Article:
by Dr Crina Baltag
University of Bedfordshire
The Draft Report of the ICCA-Queen Mary Task Force on Third-Party Funding in International Arbitration raises relevant issues for investor-state arbitration and for the promotion and protection of investment in the wider context of investment law.
One issue which is acknowledged by the Report and frequently raised as a real concern for investment arbitration cases (and for commercial arbitration, alike) refers to the number of cases which allegedly made their way on the table of arbitral tribunals because of this funding made available by third-party funders. The Report makes reference to the potential “speculative, marginal, or frivolous” claims which put States in a delicate position. (Report, p. 159). There is, undoubtedly, a significant increase in the number of investment arbitration cases. The known number of such cases, as reported by UNCTAD, is 817. If we take the example of the Energy Charter Treaty, in less than five years, the number of cases tripled, from 33 to 108. In this particular case, although other factors might be relevant, the impact of the photovoltaic claims involving Spain and Italy was decisive. Some of these cases, no doubt, could only proceed if some funding was made available to the claimants. However, such information cannot be verified, unless the third-party funding becomes relevant during the arbitration proceedings (see, for example, RSM Production Corporation v. Grenada, ICSID Case No. ARB 10/6).
Voices who criticize third-party funding in the context of investment arbitration do so because they believe that frivolous claims, which otherwise were unable to proceed, can now be heard by an arbitral tribunal. As the Report shows (pp. 159 et seq.), there is no empirical evidence to sustain this proposal. Moreover, the mechanisms of the third-party funding is as such as to consider only claims with a real chance of success. In addition, statistics show that, excluding cases which were settled or discontinued, States are likely to prevail in investment arbitration cases. No doubt, investor-State arbitration is an expensive arbitration (only the lodging fee of the ICSID amounts to USD 25,000) and usually puts the claimant in a difficult position in terms of funding. Third-party funding is indeed an interesting option in the context of investment arbitration for both parties and the funders: as mentioned, the excessive costs add an unusual burden for the business which is already crippled, but also create a unique opportunity for funders as the claims in investment arbitration cases do not have less than seven zeros. Third-party funding is not exclusive to claimants. Given the excessive costs – in particular the legal costs – States also seek external support for ensuring that proper legal representation is provided (also cited in the Report, p. 166, Philip Morris v. Uruguay, ICSID Case No. ARB/10/7, although the funds provided were a donation). Funders, on another hand, while defending their policy in funding the claims, argue that they also exert the important paper of providing access to justice to parties (investors and States, alike) who otherwise would have not been able to defend their position in front of an arbitral tribunal. (Report, pp. 4 et seq.).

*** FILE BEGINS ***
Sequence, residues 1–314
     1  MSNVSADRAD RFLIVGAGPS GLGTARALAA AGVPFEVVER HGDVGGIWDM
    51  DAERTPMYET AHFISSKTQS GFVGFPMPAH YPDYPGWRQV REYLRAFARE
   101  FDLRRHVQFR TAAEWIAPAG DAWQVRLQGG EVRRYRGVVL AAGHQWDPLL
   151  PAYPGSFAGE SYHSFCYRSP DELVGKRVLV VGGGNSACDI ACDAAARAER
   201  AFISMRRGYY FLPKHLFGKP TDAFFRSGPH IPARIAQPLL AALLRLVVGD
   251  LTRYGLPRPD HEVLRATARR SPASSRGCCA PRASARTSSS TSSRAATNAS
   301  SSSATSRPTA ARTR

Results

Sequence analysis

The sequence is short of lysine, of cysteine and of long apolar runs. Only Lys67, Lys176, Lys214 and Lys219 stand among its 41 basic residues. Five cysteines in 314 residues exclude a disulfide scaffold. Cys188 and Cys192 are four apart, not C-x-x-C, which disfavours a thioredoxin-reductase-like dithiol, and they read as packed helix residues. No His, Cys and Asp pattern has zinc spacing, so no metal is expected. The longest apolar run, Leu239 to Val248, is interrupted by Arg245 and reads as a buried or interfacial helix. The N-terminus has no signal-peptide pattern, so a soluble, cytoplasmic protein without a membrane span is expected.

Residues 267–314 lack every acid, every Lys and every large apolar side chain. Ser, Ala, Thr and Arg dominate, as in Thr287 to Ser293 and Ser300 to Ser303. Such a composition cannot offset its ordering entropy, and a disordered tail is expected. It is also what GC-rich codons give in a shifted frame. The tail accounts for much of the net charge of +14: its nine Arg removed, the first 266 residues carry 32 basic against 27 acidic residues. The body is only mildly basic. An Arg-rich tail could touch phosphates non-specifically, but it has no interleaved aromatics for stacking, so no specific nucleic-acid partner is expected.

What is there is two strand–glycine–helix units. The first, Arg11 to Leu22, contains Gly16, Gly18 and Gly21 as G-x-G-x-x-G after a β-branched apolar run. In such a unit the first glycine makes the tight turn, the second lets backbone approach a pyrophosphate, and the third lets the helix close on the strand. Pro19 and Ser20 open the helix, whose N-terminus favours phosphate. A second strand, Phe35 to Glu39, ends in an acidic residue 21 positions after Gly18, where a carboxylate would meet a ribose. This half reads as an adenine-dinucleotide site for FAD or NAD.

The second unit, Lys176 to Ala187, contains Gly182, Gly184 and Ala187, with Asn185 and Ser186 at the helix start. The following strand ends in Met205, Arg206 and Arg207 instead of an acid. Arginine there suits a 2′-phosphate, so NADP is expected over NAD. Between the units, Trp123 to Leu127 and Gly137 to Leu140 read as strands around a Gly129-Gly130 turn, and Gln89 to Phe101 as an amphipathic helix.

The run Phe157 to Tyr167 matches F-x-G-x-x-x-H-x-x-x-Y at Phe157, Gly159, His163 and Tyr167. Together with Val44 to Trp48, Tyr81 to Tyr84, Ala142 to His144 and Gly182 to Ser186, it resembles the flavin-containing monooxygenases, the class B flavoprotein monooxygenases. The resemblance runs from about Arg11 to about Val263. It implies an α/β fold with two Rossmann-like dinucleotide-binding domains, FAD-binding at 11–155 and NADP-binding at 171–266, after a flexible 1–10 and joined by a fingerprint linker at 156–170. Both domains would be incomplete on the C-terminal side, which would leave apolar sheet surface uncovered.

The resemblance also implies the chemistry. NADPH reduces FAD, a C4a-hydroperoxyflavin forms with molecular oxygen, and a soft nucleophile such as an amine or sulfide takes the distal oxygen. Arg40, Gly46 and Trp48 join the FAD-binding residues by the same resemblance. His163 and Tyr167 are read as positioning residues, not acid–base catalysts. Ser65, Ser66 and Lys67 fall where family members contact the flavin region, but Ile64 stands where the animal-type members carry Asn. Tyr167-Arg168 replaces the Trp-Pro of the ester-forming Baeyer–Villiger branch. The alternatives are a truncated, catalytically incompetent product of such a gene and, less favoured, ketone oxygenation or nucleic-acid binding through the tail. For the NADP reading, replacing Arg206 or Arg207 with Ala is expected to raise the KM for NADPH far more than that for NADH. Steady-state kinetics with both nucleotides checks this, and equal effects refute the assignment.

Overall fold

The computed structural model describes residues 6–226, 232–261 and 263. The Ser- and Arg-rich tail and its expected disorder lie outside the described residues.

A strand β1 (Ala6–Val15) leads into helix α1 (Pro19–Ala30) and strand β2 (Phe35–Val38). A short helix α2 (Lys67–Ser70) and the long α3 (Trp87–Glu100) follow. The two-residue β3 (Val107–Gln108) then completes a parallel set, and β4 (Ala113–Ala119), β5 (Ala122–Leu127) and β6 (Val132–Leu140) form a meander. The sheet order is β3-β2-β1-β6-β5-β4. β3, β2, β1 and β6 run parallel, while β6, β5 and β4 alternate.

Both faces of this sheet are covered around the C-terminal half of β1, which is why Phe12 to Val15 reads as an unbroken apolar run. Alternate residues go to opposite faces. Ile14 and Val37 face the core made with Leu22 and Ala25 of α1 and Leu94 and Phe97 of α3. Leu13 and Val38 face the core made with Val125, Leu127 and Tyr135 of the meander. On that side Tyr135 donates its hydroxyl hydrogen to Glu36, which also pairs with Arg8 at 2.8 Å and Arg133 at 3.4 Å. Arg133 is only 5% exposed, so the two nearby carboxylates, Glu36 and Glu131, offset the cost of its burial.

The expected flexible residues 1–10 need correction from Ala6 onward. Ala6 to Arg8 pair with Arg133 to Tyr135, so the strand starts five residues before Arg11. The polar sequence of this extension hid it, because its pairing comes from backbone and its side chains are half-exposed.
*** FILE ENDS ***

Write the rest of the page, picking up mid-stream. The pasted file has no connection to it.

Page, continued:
It is important to highlight here that investment arbitration involves sensitive matters, such as public interest, confidentiality, balancing investors’ and States’ rights, the purpose and legitimacy of investor-State arbitration system itself etc. Third-party funding, in this context, does touch there sensitive issues. However, it is important to retain here, distinctive from the discussion concerning a desired reform of this system, that the parties involved in investment arbitration (States, institutions etc.) do recognize the necessity to address third-party funding and ensure transparency and regulation of this practice. As acknowledged by the Report (pp. 46 et seq.), investment treaties and institutional rules for investment arbitrations tackle the issue of third-party funding. The ICSID, who is currently in the process of amending its Rules and Regulations, added to the list of potential matters to be addressed by this process possible provisions on third-party funding.
No evidence transpires from the current investment arbitration cases, which indicates that third-party funding is damaging in any way the desired balance of interests between States and investors with the view of promoting and protecting foreign investments. Thus, if properly regulated, with the sensitive issues addressed accordingly, given the specificity of investment arbitration, third-party funding might indeed contribute to the proper development of investment law, in general.
Dr Crina Baltag
Associate Editor, Kluwer Arbitration Blog
Ph.D., Queen Mary University of London
LL.M., Stockholm University
M.Sc., Academy of Economic Studies Bucharest